The Cherokee City Council will make a decision Tuesday on whether or not to eliminate two driver/dispatcher positions from the fire department. The council will also consider whether or not to replace a police department vacancy.
City council members met in special session for three hours Thursday evening and eliminated a total of $55,225 from the proposed general fund budget. If no further cuts are made, the city will retain about $10,500 in funds at the conclusion of the next fiscal year on June 30, 2007, down from an estimated $75,000 at the end of the current fiscal year on June 30 of this year.
"The question is, do we want to cut it that close?" Dwight Varce, council member, asked.
If the city wants to spend no more than the revenue brought in for the year, something over $60,000 more would have to be cut (or revenues added).
The general fund covers the operation of the police department, fire department, parks and recreation, the library and city hall. The city levies the maximum allowed for the general fund. The city can set utility fees at whatever amount is needed to cover expenses but none of these fees, nor road use funds from the state can be diverted for a general fund purpose.
According to Ron Strickland, city administrator, the city now pays about $105,200 yearly in wage expenses for the fire department. This includes $62,000 for the salary of the two drivers, $3,500 in overtime, $5,200 in part-time fees and $34,500 for benefits.
Prior to the current year, Jack Olson, was given a part-time salary as chief. He continues to serve as chief but no longer receives a salary.
Strickland estimates that eliminating the two drivers and hiring a full-time chief at a salary of $40,000 plus $17,000 in benefits would save the city $48,200.
Mick Mallory, council member, suggested that the city won't get a chief for a salary of $40,000.
Roger Frisbie, treasurer for the fire department, agreed and questioned what good it would do to hire a chief. Frisbie said the chief won't be cleaning hose and cleaning air packs or drive, the way the two driver/dispatchers do now.
Varce suggested that the employee doesn't necessarily have to have the title of chief.
Frisbie said that a person can either be a driver or take command of the fire scene, not both.
Mallory questioned why deep cuts are being considered only for the fire department but none of the other departments are being considered for comparable cuts.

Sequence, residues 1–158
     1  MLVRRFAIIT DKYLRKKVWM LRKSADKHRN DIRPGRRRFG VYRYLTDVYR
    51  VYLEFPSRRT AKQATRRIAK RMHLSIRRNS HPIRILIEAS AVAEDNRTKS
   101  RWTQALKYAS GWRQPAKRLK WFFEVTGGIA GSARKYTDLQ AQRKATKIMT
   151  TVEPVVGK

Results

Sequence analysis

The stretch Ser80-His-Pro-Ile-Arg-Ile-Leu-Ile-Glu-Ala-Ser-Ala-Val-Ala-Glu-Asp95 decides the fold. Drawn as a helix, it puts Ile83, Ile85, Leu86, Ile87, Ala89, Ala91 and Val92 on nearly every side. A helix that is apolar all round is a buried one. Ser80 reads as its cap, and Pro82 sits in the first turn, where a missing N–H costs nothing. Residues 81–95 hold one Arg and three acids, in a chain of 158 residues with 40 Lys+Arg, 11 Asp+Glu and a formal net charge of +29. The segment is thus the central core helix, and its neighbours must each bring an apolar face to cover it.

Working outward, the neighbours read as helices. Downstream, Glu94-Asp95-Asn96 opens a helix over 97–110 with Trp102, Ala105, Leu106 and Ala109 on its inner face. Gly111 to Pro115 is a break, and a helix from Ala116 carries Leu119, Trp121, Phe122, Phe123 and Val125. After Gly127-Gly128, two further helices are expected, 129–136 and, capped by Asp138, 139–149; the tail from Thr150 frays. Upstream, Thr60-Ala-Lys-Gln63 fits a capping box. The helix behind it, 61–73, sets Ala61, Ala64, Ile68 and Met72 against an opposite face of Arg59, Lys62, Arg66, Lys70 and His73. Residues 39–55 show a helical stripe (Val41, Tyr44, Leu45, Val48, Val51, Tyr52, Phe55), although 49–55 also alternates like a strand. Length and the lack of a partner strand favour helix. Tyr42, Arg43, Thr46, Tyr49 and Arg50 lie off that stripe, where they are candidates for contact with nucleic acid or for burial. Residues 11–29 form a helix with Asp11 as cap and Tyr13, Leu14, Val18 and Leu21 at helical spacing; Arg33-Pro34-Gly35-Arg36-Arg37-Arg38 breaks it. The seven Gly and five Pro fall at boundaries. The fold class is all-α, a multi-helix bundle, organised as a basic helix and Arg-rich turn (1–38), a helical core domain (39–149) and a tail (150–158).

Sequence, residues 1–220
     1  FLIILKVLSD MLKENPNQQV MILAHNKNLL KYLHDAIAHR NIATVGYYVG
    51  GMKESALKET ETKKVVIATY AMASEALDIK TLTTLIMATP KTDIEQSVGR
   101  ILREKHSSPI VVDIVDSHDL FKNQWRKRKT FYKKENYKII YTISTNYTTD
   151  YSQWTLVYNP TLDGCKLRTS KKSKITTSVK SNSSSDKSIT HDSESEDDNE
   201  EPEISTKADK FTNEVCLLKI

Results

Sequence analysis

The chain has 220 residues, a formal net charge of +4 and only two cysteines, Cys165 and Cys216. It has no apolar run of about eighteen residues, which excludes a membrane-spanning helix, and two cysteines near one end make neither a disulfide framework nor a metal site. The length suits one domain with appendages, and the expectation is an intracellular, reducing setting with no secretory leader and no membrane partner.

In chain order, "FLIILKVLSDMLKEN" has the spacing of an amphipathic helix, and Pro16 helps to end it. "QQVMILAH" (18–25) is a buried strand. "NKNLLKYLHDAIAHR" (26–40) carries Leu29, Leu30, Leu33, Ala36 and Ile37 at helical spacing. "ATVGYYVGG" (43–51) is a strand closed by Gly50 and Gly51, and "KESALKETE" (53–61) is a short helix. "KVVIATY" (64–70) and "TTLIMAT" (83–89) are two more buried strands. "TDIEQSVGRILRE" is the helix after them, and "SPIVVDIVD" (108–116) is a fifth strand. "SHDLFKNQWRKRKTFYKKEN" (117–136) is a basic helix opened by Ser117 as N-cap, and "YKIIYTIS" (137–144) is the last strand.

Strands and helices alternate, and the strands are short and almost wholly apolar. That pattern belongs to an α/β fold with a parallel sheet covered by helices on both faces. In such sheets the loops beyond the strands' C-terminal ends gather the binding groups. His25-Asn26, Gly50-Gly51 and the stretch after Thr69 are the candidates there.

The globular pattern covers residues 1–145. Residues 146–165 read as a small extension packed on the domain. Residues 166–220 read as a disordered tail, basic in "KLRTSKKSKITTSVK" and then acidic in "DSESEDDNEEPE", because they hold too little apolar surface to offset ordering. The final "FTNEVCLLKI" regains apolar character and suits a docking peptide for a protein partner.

Strickland said the other departments are in a different situation. Strickland said there is documentation that towns of similar size or larger than Cherokee operate a totally volunteer fire department.
"You can't have an all-volunteer street department," Strickland said.
"If we cut the fire department, will we still be in the same situation next year?" Bob Leach, council member, asked.
"Not as deep," Strickland responded.
Steve Schuck, police chief, told the council that he doesn't recommend reducing the police department below eight officers (including himself) plus a secretary/matron.
The Cherokee Police Department has 24/7 coverage, although the Cherokee County Sheriff's Department does not. Schuck said that to have part of the day relying on an off duty officer who is on call, would lengthen response time and increase overtime.
It was noted that Schuck, who is salaried and doesn't earn overtime, worked more than 500 hours extra by Dec. 31, the first half of the fiscal year.
When asked about the DARE program, Schuck said the program was definitely worthwhile. Schuck said the current meth epidemic is worse than anything he's seen before. "I don't see an end to it," he added.
Regarding the purchase of Explorers for the Police Department, Schuck said that the police department used to purchase Crown Victorias that didn't get much different gas mileage than the Explorers and the Crown Victorias were pretty much junk after three years of use, getting very little trade-in value.
Schuck said it's much more cost effective to use a four-wheel drive vehicle.